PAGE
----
Indigenous Storytelling in Art and Literature: Laurel Goodluck, Mandan/Hidatsa/Tsimshian

Earlier this month, we launched MIAC’s November speaker series, “Indigenous Storytelling in Art and Literature,” co-hosted by Deputy Director Dr. Matthew Martinez (Ohkay Owingeh) and Curatorial Assistant Lillia McEnaney.

According to Dr. Reese, (Nambé Owingeh), less than 1% of children’s books published in the United States include American Indian characters or authors. These conversations are an extension of MIAC’s ongoing work with local schools and educators, and is meant to serve as a resource for New Mexicans to learn about Indigenous communities throughout the Southwest.

Our second speaker is Laurel Goodluck. Laurel Goodluck writes picture books with modern Native themes that reflect Native children’s cultural experiences and everyday life, showing Native children that they have a perspective that is unique and powerful. Raised in the San Francisco Bay Area, Laurel comes from an intertribal background of Mandan and Hidatsa from the prairies of North Dakota, and Tsimshian from a rainforest in Alaska. Laurel received both a B.A. in Psychology and an M.A. in Community Counseling and Family Studies from the University of New Mexico.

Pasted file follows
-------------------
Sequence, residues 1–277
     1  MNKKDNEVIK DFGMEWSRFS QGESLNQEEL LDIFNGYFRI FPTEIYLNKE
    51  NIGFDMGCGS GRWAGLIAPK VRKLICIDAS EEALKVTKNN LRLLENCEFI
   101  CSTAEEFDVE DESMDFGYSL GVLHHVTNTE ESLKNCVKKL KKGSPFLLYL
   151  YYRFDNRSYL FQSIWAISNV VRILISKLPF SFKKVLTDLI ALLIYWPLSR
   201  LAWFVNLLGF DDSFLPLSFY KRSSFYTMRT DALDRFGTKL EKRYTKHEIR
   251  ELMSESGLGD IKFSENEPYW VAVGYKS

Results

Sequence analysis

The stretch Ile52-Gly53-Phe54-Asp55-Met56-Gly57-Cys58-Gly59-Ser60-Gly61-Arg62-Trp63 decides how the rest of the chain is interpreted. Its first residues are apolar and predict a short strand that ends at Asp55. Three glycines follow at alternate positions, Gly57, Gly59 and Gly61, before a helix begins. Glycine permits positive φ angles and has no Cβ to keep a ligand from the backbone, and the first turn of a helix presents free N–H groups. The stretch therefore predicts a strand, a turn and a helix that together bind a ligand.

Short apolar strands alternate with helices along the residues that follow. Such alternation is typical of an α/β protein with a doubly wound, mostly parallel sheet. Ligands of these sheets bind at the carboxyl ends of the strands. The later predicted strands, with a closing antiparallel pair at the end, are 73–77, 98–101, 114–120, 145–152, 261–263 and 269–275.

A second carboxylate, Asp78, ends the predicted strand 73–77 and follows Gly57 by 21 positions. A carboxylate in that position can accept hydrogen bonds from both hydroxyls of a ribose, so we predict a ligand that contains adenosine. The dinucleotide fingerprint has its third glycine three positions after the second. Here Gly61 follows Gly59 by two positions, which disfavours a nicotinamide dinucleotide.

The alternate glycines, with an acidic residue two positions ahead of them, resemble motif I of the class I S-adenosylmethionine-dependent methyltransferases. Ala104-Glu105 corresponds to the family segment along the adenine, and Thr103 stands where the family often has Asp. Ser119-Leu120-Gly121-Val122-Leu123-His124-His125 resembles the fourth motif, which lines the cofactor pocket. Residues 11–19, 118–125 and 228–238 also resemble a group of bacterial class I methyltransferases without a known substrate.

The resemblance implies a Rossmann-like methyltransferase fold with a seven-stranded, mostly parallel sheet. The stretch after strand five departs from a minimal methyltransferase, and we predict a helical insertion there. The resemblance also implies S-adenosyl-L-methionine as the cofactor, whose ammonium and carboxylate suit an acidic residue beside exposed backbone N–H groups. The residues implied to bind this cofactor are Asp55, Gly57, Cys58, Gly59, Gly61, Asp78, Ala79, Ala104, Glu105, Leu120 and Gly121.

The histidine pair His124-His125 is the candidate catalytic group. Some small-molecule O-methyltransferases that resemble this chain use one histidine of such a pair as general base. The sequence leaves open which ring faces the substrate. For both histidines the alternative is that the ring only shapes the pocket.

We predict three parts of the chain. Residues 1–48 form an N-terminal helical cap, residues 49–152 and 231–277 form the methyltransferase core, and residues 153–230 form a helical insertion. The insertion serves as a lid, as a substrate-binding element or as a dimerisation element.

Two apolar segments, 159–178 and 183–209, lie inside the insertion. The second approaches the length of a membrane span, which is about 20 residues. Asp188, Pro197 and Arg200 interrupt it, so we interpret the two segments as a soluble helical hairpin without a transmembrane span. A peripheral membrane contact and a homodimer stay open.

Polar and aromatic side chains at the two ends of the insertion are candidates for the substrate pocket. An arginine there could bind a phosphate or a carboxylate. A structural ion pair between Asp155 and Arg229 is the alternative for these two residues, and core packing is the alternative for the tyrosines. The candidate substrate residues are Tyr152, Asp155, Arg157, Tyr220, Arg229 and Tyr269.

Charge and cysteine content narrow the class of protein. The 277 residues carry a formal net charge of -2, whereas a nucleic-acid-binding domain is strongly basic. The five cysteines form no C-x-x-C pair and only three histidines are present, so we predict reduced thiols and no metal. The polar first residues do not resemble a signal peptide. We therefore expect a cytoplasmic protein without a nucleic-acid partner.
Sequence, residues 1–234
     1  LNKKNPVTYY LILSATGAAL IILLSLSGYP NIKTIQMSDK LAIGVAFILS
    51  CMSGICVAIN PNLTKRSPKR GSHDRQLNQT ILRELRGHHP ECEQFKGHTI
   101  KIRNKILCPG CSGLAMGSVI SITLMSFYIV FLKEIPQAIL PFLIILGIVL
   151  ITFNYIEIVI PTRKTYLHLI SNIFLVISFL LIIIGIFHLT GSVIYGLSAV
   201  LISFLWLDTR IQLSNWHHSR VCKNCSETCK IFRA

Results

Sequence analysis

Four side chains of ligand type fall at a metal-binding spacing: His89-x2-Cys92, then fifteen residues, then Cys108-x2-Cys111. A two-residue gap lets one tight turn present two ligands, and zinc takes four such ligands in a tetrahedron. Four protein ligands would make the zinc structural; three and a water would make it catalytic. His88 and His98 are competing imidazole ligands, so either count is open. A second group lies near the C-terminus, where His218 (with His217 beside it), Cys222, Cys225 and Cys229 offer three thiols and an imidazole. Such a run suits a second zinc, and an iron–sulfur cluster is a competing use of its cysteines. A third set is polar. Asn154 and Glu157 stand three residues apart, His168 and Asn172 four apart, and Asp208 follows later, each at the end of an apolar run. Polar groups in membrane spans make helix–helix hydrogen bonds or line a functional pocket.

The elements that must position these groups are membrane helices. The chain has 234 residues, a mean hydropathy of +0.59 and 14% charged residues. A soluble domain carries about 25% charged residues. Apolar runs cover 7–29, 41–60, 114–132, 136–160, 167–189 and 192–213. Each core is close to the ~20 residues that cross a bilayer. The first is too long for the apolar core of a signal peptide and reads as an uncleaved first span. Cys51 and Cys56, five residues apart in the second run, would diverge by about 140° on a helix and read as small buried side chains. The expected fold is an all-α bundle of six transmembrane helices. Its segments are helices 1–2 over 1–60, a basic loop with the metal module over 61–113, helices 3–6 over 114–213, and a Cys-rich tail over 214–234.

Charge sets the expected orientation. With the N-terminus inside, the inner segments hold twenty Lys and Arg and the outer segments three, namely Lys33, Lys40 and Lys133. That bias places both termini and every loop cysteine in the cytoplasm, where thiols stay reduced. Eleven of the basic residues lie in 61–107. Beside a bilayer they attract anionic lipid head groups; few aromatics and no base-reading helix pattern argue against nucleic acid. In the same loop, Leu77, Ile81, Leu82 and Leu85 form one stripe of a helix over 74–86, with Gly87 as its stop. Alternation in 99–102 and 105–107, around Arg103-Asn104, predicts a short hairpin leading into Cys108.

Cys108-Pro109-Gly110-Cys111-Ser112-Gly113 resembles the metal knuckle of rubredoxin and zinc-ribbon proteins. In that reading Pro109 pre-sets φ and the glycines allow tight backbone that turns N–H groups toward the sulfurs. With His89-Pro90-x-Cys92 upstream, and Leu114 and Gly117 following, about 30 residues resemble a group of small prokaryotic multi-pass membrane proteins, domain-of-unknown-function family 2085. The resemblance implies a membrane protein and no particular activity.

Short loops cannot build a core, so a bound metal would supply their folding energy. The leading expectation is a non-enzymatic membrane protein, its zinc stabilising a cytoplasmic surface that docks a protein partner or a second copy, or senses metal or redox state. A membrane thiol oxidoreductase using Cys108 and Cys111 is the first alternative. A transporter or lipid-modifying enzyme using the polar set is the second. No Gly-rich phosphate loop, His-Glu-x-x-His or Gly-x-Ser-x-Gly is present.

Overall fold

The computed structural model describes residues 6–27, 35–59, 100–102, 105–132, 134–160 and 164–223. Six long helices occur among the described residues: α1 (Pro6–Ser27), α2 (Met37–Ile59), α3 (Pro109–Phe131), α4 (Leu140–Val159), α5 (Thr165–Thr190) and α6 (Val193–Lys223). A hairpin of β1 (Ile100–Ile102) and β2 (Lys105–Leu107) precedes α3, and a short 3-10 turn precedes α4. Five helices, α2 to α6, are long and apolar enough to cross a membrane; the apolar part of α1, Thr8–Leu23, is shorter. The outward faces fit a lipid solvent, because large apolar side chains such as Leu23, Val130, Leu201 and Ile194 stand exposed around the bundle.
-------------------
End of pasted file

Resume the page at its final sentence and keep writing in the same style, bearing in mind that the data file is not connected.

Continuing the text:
She began writing by crafting a curriculum for community advocacy involving Native teen leadership and later for children newly diagnosed with mental health challenges. Laurel lives with her Navajo husband in Albuquerque, where they raised two children also bent on storytelling in journalism and filmmaking. She was a recipient of the 2019 We Need Diverse Books Picture Book Mentorship and was paired with award-winner author Traci Sorell. She also received a competitive funding grant from New Mexico Writers to support new works in progress.

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